The Damage of “Do as I say, not as I do”
There’s hardly anything worse for company morale than leaders who practice the “Do as I say, not as I do” philosophy. You can typically see the loss of enthusiasm and goodwill among the staff instantly. It’s like watching the air go out of a balloon – and cynicism and disappointment usually take its place.
- There’s the boss who tells everyone to be on time for meetings and yet always arrives late, or asks employees to stay late, and then leaves promptly at 4:45pm to go golfing.
- There’s the supervisor who criticizes everyone for spending time on the Internet, but is discovered searching eBay for a new camera online in the middle of the afternoon; or
- The CFO who recommends layoffs to end “unnecessary spending,” but then buys brand-new luxury office furniture for her office.
Do you know any of these people? Hopefully it’s not you……………………
No matter what the situation it’s a double standard. Employees witnessing a leader say one thing, and then doing another. For an employee it feels like and can be very destructive.
If this ever happened to you, you can probably remember the sense of disappointment and letdown. If you’re in a leadership position, then you know that you have a responsibility to your team. They look to you for guidance and strength; that’s part of what being a leader is. And a big part of your responsibility is to lead them with your own actions. So, why is it so important to lead by example; and what happens when you don’t?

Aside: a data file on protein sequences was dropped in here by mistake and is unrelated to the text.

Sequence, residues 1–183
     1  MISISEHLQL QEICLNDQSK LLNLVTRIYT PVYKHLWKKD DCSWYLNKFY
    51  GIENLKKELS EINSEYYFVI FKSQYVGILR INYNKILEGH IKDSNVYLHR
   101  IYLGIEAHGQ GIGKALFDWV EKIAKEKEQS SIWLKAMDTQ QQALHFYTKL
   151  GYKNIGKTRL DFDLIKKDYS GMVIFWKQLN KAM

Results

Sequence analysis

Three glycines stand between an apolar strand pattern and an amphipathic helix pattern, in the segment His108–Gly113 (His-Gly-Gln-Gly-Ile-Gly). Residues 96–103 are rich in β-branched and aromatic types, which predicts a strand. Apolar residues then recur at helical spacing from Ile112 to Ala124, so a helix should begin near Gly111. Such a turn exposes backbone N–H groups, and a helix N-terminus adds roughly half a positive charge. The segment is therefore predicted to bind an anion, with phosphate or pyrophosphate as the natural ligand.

Well there is an old saying about the difference between a manager and a leader: “Managers do things right. Leaders do the right things.” (It’s best to be both a manager and a leader – they’re just different processes.) As a leader, part of your job is to inspire the people around you to push themselves to do better and in turn, the company to success. To do this, you must show them the way by doing it yourself.
Stop and think about the inspiring people who have changed the world with their examples.
When you lead by example, you create a picture of what’s possible. People can look at you and say, “Well, if he/she can do it, I can do it.” When you lead by example, you make it easy for others to follow you. One example is Jack Welch of General Electric. Welch knew that to push GE to new heights, he had to turn everything upside down. So that’s just what he did. He developed the whole idea of a “boundaryless organization.” This means that everyone is free to brainstorm and think of ideas – instead of waiting for someone “higher up” in the bureaucracy to think of them first. He wanted his team turned loose, and he promised to listen to ideas from anyone in the company. And he did. Everyone from the lowest line workers to senior managers got his attention – if they had something to say or a new idea that might make the company better. It wasn’t just talk, and it didn’t take his team long to figure that out. Welch stayed true to his passions and what he knew was right. As a result, GE became an incredibly successful company under his management. His team was always willing to follow his lead, because the people within it knew that he always kept his word. What does this mean for you? If you give yourself to your team and show them the way, then, most likely, they’ll follow you anywhere.
But, what happens when you don’t walk the talk? I’ll give you my insight in my next blog.